Sugar Breaks Down Hopkins-Dawson
Written by The Sweet Science
Friday, 14 October 2011 18:06
BERNARD HOPKINS vs. CHAD DAWSON
World Light Heavyweight Championship
Saturday, October 15, 2011
From STAPLES Center in Los Angeles, CA
Presented Live by HBO Pay-Per-View Beginning at 9:00 p.m. ET/6:00 p.m. PT
By Bert Randolph Sugar with Steve Small
STRENGTHS OF BOTH FIGHTERS
BERNARD HOPKINS - (52-5-2, 32 KOs)
· As a forty-ish “Methuselah,” Hopkins is one of the ageless wonders of Sports--not just the Boxing—World.
· A classic “old school “ fighter, Hopkins combines savvy and slickness willing to do anything and everything to win.
· While possessing one-punch knockout, Hopkins punches hard with both hands, to the body where he often hooks over and under with his left, which tends to wear down his opponents.
CHAD DAWSON - (30-1, 17 KOs)
· Tall lefty with fast hands and good combination puncher.
· Excellent stamina, accustomed to fighting at a max pace for full 12 rounds.
· Has size and skills to outwork Hopkins.
WEAKNESSES OF BOTH FIGHTERS
· At an age when most boxers are home in bed listening to their bones mend, Hopkins has yet to show signs of aging, which is somewhat akin to a watched pot, never coming to a boil. But it could happen against a strong, younger Dawson.
· Sometimes Hopkins is a little slow to set-up and get his punches off.
· Dawson does not have a lot of power, relying more on combinations and wearing opponents down.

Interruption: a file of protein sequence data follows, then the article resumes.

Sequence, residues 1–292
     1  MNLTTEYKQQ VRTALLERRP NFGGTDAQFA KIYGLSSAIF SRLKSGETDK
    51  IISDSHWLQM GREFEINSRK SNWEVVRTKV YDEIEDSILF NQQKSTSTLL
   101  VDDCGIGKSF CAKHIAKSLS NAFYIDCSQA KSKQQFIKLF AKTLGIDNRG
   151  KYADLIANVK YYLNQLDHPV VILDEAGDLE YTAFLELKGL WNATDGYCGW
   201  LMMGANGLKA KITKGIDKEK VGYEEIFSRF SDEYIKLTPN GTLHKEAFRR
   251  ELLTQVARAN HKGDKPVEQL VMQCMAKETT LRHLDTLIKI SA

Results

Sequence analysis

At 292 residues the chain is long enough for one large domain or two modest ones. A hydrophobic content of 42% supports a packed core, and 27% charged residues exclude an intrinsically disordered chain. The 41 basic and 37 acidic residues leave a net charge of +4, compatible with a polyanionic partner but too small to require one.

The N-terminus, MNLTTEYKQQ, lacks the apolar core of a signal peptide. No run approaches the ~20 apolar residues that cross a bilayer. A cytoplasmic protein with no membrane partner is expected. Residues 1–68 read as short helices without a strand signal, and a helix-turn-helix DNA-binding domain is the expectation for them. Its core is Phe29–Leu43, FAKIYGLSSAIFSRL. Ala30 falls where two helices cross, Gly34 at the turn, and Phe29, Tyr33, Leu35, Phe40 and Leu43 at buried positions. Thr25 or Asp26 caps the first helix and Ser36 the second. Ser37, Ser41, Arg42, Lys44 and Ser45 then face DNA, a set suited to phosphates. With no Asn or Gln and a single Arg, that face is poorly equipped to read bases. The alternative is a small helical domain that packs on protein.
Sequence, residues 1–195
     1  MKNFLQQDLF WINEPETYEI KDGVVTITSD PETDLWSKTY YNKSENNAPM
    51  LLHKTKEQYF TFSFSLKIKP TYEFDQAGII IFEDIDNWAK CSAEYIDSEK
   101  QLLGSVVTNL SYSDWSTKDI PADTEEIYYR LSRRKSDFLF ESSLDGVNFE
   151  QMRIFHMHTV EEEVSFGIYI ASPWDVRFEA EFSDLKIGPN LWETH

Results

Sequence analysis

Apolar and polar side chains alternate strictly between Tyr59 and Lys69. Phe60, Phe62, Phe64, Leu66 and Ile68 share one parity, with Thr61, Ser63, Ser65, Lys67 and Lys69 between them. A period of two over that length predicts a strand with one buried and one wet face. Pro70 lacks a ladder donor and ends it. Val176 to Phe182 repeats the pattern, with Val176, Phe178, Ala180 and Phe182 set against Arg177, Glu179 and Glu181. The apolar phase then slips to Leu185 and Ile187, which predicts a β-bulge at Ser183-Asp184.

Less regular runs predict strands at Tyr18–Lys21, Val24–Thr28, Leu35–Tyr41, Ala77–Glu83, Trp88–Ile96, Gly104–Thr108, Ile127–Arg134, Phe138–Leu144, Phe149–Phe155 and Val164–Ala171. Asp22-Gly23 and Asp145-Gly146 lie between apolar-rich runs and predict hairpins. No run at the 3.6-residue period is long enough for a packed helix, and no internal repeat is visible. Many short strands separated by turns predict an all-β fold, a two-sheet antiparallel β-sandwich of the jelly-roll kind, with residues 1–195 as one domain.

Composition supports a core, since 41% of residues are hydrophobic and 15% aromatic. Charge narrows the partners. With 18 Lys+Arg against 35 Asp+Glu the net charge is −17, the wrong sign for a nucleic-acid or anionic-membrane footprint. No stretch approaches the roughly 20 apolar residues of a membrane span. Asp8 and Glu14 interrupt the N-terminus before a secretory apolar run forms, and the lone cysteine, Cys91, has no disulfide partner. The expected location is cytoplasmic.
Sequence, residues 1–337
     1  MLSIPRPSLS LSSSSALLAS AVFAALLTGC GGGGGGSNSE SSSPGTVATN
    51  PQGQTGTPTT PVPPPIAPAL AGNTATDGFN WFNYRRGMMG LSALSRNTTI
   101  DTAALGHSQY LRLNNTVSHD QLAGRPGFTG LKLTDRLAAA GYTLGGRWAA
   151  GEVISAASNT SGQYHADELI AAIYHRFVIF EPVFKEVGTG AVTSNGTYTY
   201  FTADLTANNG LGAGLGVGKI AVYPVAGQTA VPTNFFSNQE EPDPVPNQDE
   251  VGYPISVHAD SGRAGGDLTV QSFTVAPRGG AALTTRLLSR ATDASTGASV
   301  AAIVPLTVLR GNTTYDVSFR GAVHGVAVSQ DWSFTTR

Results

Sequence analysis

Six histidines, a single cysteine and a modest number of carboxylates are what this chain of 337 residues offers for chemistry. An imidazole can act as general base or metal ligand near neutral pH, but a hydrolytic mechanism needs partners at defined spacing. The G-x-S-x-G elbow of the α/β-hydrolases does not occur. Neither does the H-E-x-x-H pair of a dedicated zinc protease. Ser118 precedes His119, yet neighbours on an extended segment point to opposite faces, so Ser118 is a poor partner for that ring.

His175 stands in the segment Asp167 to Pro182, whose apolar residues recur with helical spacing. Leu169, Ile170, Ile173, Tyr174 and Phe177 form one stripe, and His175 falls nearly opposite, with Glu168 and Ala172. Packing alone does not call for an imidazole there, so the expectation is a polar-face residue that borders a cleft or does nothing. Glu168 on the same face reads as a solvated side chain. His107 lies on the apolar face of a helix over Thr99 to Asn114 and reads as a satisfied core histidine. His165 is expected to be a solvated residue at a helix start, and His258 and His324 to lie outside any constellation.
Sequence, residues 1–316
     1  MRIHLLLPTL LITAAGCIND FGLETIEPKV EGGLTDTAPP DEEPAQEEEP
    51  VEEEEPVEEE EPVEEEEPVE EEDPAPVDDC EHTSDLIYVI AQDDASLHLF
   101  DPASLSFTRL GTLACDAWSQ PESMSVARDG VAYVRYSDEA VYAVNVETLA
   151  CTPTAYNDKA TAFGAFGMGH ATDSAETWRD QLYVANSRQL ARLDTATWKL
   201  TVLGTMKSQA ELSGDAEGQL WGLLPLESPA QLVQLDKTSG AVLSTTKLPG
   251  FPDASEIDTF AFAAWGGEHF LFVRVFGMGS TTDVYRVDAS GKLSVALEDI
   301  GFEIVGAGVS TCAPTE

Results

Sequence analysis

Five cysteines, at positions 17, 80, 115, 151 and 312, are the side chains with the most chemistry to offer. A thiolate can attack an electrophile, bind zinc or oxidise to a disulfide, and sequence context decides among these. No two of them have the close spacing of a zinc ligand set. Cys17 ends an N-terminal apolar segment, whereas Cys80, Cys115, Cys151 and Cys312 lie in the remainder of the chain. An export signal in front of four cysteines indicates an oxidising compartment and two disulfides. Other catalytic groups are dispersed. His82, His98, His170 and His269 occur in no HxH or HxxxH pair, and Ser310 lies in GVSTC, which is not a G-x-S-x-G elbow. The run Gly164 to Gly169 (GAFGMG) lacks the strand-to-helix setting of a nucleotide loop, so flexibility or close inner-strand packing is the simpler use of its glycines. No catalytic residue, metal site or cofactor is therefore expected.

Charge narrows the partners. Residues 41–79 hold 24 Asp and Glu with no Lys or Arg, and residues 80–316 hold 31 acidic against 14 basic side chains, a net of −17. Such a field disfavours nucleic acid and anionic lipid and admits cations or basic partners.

· Dawson tends to lean away from his opponent’s right hands--a dangerous move because he tends to step forward when he throws his right, extending it.
· Dawson tends to move straight back sometimes standing in front of his opponent instead of moving away.
WHAT EACH MUST DO TO WIN
· Hopkins’ game is inside. Dawson has never faced anyone with the inside fighting abilities possessed by Hopkins.
· Dawson tries to lean away from opponents rights. This could prove to be extremely dangerous for Dawson inasmuch as Hopkins tends to step forward when he throws his right.
· Hopkins has shown a tendency to pace himself, sometimes fighting in spurts. He must give a stronger performance against a stronger opponent.
· Dawson must step-in and shoot his combinations then slide sideway away from Hopkins (ref. see Jean Pascal early rounds against Hopkins.)
· Dawson must fight on the outside and not get into an inside war.
· Dawson must alternate moving to his right and then his heft and stay off the ropes, keeping Hopkins in the middle of the ring.